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The International Olympic Committee official who sold the television rights to the 2002 Winter Games for a record $545 million said Salt Lake Olympic organizers should continue making more money than expected.

"It's as good a start to the Games as I can imagine," Richard Pound, a member of the IOC executive board from Montreal, said in a telephone interview Wednesday.Last week, Pound agreed to accept an unprecedented $1.27 billion offer from NBC for the broad-cast rights to both the 2002 Winter Games in Salt Lake City and the 2000 Summer Games in Syd-ney, Aus-tral-ia.

He said the hefty increase in the price paid for the American television rights - and the fact the 2002 Winter Games rights were sold two years sooner than expected - should signal other sponsors to pay more, too.

The confidence that NBC showed by bidding beyond the $400 million that Salt Lake Olympic organizers predicted the rights would bring "should be a very good leg up" on marketing the 2002 Winter Games, Pound said.

NBC made the pre-emptive bid without even knowing the dates when the 2002 Winter Games were scheduled to be held, he said, describing the risk that the network was willing to take.

Broadcasters from the rest of the world should also come up with more than the $126 million that Salt Lake Olympic organizers are anticipating, Pound said. "I hope that's very conservative," he said.

The 1996 Summer Games in Atlanta, for example, brought in $275.8 million from foreign television markets, including $250 million from the European Broadcast Union alone.

Yet, NBC bought the American broadcast rights to the Atlanta Games for $456 million - much less than the network is paying for the smaller and traditionally less-watched Winter Games here.

Pound said Atlanta Olympic organizers have wrongly regarded that price, record-breaking at the time, as "a semi-slap in the face," having publicly speculated they would get $600 million.

Salt Lake Olympic organizers planned on raising $800 million to stage the Games, including about $30 million in federal funds for security, the only taxpayer contribution in their budget.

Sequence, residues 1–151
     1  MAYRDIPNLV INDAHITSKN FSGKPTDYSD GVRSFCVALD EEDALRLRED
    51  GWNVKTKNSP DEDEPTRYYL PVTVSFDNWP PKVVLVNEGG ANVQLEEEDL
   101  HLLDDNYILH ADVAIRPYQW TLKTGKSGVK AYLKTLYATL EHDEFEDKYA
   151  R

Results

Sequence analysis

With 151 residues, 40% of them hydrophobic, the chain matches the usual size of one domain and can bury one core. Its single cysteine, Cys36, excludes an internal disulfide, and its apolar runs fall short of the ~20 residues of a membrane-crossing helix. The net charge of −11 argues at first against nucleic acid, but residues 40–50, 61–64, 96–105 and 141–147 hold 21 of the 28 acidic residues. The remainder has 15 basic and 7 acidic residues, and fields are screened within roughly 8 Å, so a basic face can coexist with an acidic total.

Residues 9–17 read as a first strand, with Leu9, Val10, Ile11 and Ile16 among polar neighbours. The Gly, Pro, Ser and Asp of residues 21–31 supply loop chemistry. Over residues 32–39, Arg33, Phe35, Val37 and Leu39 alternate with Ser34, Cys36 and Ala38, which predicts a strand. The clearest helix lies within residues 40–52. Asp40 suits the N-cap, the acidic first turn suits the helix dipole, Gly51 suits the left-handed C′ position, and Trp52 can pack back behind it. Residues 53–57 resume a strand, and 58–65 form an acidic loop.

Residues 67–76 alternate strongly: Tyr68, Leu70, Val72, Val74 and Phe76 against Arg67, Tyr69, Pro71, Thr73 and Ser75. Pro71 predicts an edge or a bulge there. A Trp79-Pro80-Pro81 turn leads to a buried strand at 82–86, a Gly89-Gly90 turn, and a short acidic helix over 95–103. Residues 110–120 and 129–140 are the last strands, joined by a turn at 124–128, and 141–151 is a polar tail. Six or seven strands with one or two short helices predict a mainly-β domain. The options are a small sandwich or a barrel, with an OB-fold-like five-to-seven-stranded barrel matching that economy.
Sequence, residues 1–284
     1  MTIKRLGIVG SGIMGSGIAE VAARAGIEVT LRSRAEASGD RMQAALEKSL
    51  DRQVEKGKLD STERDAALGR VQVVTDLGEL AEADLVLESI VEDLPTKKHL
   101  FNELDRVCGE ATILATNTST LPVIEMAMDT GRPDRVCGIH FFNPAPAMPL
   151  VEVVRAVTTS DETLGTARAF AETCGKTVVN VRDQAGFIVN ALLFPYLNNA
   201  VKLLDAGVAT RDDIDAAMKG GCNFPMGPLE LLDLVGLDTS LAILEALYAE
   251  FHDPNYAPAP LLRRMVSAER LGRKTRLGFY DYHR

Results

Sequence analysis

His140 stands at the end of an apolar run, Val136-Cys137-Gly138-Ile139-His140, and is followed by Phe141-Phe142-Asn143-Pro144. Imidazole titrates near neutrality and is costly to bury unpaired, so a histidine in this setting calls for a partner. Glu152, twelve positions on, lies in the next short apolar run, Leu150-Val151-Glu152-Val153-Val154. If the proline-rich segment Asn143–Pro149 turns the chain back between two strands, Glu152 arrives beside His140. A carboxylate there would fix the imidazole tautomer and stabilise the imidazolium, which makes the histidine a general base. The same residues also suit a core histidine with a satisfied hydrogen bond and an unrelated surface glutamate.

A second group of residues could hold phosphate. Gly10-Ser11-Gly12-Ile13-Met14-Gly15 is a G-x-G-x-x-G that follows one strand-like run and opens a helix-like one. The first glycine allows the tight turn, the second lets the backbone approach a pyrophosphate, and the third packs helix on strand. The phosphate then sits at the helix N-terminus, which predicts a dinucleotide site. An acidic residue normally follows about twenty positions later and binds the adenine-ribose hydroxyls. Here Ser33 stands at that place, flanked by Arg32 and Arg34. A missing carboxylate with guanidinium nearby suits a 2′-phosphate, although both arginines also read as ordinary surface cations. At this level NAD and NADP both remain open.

About 40 percent of the revenues are supposed to come fromthe sale of television rights, about 42 percent from corporate sponsorships, 10 percent from tickets and the rest from stamps, coins and donations.

The NBC deal brought in 30 percent more than Salt Lake Olympic organizers budgeted, raising their take from the sale of American television revenues $89 million. The network is also giving the city $10 million in advertising time.

The IOC keeps 40 percent of any proceeds from the sale of broadcast rights, distributing most of it to athlete organizations, including national Olympic committees.

The first check from NBC is due in January 1998, for 15 percent of the total payment. The network will turn over another 5 percent annually until 2002, when 30 percent is due before the Games begin in February, and the remaining 35 percent, 10 days after they end two weeks later.

Salt Lake Olympic organizers now have to come up with a marketing plan to present to the IOC for approval, then go out and start selling the 2002 Winter Games.

"I think they should be quietly confident at this point that they're going to be able to organize the Games the way they want to," Pound said. "I wouldn't go out and build ski jumps out of platinum or anything, though."

Tom Welch, president of the Salt Lake Olympic Organizing Committee, agreed the NBC deal should attract more sponsors willing to pay more money to participate in the 2002 Winter Games.

It adds "a real value in the product of Salt Lake City and will create more of an excitement level," Welch said. "I think it creates a more hospitable market. That's to our benefit."